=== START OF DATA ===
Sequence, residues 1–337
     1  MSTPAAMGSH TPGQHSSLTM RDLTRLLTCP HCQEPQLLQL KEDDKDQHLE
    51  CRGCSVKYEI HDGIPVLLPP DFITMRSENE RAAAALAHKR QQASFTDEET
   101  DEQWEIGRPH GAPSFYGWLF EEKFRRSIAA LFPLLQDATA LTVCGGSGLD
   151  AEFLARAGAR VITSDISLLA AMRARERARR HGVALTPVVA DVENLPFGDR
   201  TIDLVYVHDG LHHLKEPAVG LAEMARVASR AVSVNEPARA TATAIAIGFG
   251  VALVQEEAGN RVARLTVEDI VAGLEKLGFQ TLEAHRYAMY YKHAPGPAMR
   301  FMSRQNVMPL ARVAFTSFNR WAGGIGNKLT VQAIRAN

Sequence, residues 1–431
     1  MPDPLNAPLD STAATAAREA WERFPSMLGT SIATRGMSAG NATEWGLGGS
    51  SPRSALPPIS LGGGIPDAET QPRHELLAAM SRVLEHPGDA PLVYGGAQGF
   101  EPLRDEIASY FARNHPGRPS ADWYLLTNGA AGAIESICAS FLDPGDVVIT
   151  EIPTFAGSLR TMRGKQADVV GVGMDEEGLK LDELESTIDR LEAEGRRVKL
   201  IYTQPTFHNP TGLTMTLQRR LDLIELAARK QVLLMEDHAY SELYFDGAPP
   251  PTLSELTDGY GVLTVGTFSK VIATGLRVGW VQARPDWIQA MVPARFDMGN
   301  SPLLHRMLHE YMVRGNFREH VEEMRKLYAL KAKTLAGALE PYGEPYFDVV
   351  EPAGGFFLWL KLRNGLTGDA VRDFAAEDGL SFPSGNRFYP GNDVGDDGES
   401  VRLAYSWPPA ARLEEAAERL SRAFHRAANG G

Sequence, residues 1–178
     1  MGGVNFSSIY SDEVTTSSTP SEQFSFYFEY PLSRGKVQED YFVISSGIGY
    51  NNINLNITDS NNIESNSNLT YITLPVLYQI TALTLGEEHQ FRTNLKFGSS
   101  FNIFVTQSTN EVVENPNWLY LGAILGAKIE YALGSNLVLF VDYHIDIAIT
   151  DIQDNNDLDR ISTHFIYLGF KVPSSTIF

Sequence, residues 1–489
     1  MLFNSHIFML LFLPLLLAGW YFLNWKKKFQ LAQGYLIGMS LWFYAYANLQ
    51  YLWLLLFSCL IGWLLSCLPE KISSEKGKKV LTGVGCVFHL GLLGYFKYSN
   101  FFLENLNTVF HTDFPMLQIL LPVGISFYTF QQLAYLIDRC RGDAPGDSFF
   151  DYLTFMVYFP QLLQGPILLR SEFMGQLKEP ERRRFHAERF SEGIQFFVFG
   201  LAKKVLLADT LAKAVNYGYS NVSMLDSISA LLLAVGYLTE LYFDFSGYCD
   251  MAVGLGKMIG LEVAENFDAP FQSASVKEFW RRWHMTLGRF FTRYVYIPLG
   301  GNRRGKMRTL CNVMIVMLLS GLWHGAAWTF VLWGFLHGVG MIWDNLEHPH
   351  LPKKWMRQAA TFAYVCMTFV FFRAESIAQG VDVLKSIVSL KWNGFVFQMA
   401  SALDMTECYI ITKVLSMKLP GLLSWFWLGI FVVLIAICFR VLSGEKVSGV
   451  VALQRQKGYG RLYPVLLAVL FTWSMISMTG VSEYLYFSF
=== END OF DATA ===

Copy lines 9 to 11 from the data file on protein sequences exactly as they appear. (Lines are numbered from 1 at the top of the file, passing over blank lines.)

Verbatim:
Sequence, residues 1–431
     1  MPDPLNAPLD STAATAAREA WERFPSMLGT SIATRGMSAG NATEWGLGGS
    51  SPRSALPPIS LGGGIPDAET QPRHELLAAM SRVLEHPGDA PLVYGGAQGF